October 10th, 2013 It's Always Sunny in Philadelphia 2
100 episodes of television is a milestone. By reaching the 100th episode, the show solidifies its status as “popular”, as unsuccessful shows rarely last this long. On American networks, the typical number of episodes per TV season is around 22, making the 100th episode occur somewhere in its 4th or 5th season. Sometimes at this point in its run the show is still fresh enough that the spectacle of their milestone episode is an improvement on the show as a whole, adding a new spin on something already great. More often than not, the 100th episode falls flat — a reminder of how far the show has fallen from its season 2-3 peak. Today was the first time I’ve ever seen someone consider a show’s 100th episode to possibly be its greatest.
It’s Always Sunny in Philadelphia aired its 100th episode last night, and it was incredible.
Now, I’ll admit that I’ve always had a pretty big soft spot for IASIP, and therefore I tend to be less critical of it. That being said, there’s a reason I’ll forgive certain things on this show and not others. I don’t think there’s anything else like IASIP on television (if there is, point me to it) which is mainly due to the amount of freedom fx/fxx has given its creators/writers/actors. Almost anything the gang dreams up (and finds funny) can be found on screen, and this creative freedom have given us the countless absurd, horrifying, and above all, hilarious situation the characters get themselves into.
Regardless of my near-unconditional love of Sunny, I don’t think there has ever been a show that has remained so fresh in its ninth season. Think about that: nine years of having to come up with fresh ideas, and the show has remained as hilarious as ever. In my opinion, the show hasn’t even had the typical dip in quality I mentioned above — it’s definitely one of the most consistent shows (other than season 1 where the lack of money and experience clearly shows), with a handful of episodes going above or below the quality-plateau.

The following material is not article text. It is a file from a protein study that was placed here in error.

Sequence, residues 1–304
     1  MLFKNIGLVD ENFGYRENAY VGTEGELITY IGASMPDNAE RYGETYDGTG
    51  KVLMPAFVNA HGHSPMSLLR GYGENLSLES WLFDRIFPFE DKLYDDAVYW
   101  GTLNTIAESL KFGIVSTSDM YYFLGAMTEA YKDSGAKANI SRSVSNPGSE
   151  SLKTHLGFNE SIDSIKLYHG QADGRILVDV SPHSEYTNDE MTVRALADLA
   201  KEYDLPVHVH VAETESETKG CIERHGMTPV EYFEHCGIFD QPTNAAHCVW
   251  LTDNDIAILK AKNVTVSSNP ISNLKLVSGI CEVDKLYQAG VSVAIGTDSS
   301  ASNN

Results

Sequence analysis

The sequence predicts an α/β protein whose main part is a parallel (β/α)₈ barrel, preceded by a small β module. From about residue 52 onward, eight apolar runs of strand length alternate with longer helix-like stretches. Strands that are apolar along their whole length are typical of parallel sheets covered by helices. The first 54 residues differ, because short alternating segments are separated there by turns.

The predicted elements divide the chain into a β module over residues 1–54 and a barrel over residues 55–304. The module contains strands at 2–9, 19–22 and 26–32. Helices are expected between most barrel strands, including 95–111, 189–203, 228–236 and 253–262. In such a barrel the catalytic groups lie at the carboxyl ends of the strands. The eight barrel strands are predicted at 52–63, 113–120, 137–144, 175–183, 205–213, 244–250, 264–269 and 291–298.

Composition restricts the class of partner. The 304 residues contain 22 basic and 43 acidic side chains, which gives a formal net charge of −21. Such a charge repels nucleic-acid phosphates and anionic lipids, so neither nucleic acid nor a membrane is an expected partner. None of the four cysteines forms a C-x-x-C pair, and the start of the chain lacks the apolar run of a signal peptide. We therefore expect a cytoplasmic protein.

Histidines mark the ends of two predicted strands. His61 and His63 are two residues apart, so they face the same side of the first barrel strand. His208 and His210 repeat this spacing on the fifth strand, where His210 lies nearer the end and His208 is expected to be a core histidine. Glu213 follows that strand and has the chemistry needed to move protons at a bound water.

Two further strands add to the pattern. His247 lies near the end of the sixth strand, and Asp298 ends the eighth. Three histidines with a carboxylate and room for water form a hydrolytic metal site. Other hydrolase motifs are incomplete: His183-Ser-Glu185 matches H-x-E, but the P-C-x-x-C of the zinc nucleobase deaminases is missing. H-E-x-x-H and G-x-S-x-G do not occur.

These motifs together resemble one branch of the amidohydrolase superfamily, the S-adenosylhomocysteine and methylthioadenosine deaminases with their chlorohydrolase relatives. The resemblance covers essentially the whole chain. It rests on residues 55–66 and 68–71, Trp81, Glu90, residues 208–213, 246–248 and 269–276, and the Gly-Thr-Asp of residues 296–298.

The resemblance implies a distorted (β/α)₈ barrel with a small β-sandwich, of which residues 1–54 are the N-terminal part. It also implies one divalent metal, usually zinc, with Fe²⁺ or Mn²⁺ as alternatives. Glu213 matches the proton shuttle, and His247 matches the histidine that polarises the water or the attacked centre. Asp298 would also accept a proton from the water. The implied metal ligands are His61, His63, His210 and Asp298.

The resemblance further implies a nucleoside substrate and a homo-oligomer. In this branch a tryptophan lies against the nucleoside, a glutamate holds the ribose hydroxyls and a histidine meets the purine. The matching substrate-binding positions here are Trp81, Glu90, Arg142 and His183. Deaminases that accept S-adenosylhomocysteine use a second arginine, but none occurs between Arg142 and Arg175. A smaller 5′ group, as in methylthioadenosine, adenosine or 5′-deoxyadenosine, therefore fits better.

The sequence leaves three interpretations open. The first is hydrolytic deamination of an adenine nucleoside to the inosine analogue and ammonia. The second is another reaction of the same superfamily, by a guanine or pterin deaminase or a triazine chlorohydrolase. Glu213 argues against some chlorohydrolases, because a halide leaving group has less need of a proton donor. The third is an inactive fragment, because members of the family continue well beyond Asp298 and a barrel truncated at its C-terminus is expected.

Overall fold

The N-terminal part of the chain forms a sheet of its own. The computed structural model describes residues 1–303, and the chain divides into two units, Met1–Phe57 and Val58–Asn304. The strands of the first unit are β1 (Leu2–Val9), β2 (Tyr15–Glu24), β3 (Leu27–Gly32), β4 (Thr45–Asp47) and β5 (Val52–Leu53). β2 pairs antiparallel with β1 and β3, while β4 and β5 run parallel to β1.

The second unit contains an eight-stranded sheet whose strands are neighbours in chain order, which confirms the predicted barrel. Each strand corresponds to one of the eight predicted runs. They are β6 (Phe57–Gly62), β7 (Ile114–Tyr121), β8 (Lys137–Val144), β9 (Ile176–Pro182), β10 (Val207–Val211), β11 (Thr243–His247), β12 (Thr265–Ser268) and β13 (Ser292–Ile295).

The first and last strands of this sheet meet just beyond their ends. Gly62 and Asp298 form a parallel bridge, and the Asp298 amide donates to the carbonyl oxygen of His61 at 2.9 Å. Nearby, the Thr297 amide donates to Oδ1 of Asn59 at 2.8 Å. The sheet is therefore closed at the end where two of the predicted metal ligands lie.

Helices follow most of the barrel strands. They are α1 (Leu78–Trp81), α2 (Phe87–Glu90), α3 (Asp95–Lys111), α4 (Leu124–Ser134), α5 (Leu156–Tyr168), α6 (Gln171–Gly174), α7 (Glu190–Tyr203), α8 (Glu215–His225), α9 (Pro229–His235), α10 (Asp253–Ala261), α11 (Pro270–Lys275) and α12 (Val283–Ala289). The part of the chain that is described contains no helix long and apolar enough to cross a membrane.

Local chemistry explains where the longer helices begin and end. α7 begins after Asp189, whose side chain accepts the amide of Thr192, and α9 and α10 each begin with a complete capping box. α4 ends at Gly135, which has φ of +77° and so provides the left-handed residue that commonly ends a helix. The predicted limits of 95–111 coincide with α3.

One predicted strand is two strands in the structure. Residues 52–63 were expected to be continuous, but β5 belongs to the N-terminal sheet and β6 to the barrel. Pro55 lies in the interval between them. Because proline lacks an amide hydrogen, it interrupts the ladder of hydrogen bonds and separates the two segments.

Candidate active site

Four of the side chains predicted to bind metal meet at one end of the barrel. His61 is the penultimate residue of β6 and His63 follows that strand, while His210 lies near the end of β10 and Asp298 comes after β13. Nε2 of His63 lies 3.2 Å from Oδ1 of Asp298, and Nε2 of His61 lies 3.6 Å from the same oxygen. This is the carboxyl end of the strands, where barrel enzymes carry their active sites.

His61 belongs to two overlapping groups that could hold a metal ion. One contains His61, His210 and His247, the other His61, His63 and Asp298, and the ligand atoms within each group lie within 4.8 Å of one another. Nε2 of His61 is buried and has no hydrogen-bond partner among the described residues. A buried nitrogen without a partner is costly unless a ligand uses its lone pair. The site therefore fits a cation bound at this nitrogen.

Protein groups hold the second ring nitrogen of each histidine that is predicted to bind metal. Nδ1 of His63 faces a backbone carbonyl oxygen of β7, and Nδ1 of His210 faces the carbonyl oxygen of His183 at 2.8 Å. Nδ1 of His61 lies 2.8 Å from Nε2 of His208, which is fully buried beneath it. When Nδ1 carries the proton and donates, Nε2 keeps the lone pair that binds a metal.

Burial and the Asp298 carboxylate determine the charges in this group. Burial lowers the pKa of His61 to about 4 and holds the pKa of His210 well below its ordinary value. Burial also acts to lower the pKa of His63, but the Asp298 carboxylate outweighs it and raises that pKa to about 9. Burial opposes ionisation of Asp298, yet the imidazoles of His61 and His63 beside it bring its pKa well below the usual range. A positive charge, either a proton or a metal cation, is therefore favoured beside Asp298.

This brings me to last night’s episode, which was filled with so many jokes, references, and — very surprisingly — emotions, that I couldn’t contain my excitement. The majority of the action takes place within each of the characters’ imaginations after an armed thief holds up the convenience store they’re in. We get a glimpse into the psyche of each member of the gang, something that is predictably both disturbing and highly entertaining. Most longtime fans of the show could probably predict some of the content of each segment (especially Mac’s, which makes sense since he had an entire episode dedicated to him last week), but what I’m sure almost nobody predicted was how far the show would go. Through these glimpses we are nearly given full confirmation of certain things that have only been touched on in the past (Dennis’s psychopathy, Dee’s true feelings about the men she spends her time with, Charlie only comprehending the world through cartoon), as well as one of the most heartbreaking scenes ever produced on this show. Yes, I just used the word “heartbreaking” to describe Sunny. If Charlie’s segment hadn’t been so hilarious I might have burst into tears. We even got a cameo that’s been years in the making (spoiler: he likes his ladies to pop). If these aren’t the makings of an incredible episode of television, then I don’t know what is.
It’s Always Sunny‘s high-concept episodes tend to be my favourites, and this one is not an exception. I’m so happy with the overall quality of this season, and have decided to take it as a sign that Rob, Glenn, and Charlie will continue making episodes for many years to come. Here’s to 100 more!